People will tell you that when you first have a baby, a lot of your non-parent friends will drop off the radar. Perhaps it has something to do with the fact your nipples hurt for a solid three months (all those midwives and breastfeeding experts lie to get you to hang in there), or because the mama bear killer instinct leaves you so hyper-focused on meeting the 24/7 needs of this crying lump of poo, burps and pee that a sleep-deprived bitchy Dr. Jekyl takes over. It all ends badly when you reach your breaking point and scream at your skinny, well-rested yet perpetually whiney friend: “Do you really think I give a f**k about your stupid-ass job and loser boyfriend? I was ten centimeters dialated–TEN CENTIMETERS!”
Okay, so when you think of it this way, it’s not that surprising.
What I never expected though is the kind of Junior High “will you be my friend” mentality that grips a lot of terrified new moms. Case in point: my trip to the drug store (yes for some reason the drug store has become a kind of Shakespearean playground for my blog).
I was innocently walking around the store with baby Noa sporting my latest insanely expensive purchase–a comfy but butt-ugly baby carrier that actually ADDS rolls of back fat. I passed a thrirty-something mom pushing her 4-month-old baby around in a top-of-the-line stroller. We exchanged obligatory smiles as I continue on my way to the junk food aisle (sure, it’s the carrier that’s causing my back to look flabby).
After picking up and subsequently putting down about four different boxes of cookies, I switch tactics and head for the healthier dairy section. Again our mommy worlds collide. She smiles shyly at baby Noa. “He’s so cute,” she says in a tone that suggests she’s only saying this so I’ll comment on her stroller candy.
“So is she,” I respond taking her cue. There’s an awkward yet familiar pause…Ah yes, it’s like that uneasy feeling I used to get at nightclubs when some guy I had no interest in would buy me a drink. I’d politely stand there and answer his chit-chatty questions as I tried to down the beer as quickly as possible before making like Cinderella at the ball and fleeing. Unfortunately now, there’s not even a drink in my hand (though it is possible that the Musac version of “Groove is in the Heart” is playing over the loudspeaker) and there is most certainly no dry ice to fog up that look of desperation. Instead it’s there for me to see in the fullness of the flourescent lighting.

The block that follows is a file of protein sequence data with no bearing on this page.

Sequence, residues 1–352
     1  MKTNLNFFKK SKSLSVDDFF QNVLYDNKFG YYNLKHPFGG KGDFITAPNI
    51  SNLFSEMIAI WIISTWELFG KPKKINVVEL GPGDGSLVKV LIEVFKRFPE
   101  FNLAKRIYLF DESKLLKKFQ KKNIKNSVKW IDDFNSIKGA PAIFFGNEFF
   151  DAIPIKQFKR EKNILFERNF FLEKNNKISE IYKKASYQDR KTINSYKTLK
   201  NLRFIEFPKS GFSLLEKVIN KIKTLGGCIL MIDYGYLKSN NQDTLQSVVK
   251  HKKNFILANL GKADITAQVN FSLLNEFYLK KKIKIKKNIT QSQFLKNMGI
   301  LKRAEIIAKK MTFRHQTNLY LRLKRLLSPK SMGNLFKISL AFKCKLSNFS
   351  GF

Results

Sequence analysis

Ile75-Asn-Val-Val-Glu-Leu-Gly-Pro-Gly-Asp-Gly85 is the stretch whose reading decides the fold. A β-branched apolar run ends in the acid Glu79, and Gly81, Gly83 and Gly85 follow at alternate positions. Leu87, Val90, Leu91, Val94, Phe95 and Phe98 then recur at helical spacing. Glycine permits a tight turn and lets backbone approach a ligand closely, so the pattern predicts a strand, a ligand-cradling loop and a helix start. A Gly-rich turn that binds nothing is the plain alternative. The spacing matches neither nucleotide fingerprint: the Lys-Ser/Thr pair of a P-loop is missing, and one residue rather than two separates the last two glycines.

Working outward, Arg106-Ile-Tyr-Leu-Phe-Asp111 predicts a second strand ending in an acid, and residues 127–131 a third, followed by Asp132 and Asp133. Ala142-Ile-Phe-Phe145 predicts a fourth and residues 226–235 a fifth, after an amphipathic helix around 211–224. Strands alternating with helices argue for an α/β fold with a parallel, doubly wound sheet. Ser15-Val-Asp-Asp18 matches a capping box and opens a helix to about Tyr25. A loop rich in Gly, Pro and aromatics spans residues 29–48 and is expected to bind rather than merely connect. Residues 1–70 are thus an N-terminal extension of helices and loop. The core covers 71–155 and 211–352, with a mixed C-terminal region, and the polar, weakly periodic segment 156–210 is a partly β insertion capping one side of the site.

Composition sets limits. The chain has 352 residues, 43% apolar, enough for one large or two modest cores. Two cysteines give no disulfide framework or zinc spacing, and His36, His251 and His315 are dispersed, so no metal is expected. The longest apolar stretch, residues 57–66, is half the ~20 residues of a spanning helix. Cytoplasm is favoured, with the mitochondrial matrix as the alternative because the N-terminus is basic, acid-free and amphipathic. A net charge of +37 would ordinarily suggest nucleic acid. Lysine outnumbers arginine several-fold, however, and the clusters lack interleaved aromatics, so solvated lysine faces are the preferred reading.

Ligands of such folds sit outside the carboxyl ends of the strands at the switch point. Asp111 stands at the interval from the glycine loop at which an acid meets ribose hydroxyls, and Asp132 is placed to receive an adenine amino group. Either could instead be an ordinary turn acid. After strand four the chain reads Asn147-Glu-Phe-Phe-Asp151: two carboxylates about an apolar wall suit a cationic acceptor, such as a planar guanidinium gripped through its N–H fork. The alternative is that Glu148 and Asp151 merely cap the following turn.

“So, do you know anything about the Early Years Centre around here?” she says nervously.
God, can’t she come up with a more original line than that? I mean really, she might as well ask me if I’m from “around here.” Fortunately, though, the question also provides me with the out I’m looking for. “Sorry, I don’t, I’m afraid I live in the southern district and the centre for this area is different.”
The hope that had lit her eyes quickly burns out. Like a slot machine searching for the right combination of cherries and dollar signs to claim even the smallest of wins, I can see her mind sorting through the different ways she might be able to connect with me. But I’m not into the instant gratification of slot machines. Instead, I prefer the gradual comraderie that develops over a couple of hours sitting at a blackjack table.
And while she seems nice enough, truth is, I barely have time to brush my teeth in the morning, let alone befriend this new mom–this complete stranger–in the drug store. Her internal wheels are still spinning when I decide to cut and run.
“Well, I’d better go–it looks like rain,” I say cheerfully. “Nice to meet you.” God, please don’t ask for my number. Is it inappropriate to give another mom a fake number? I had no problem doing it in my clubbing days.
“Yeah, I’ll talk to you later–” she says nervously. “Uh…I mean maybe I’ll see you around.”
“I’m sure you will,” I reassure her. I want to tell her it’s me, not her and that there are plenty of perfectly nice, somewhat lonely new moms out there who would cherish her friendship. My dancecard, though, is already jammed packed–with my Tuesday mamma’s group, work and marriage–and I’m just not looking for a new relationship.
Besides, I can be a pretty crap friend at the best of times: I’m almost always a day or two off when remembering birthdays, am perpetually late meeting my buddies for movies or dinner and still have all my completed, unsent Christmas cards from last year sitting in the top drawer of my desk (I’m thinking I might be able to wait it out and send them this year).
All of this is meaningless, however, because I’m sure in her mind, I’ve left her standing alone at the bar with the tab.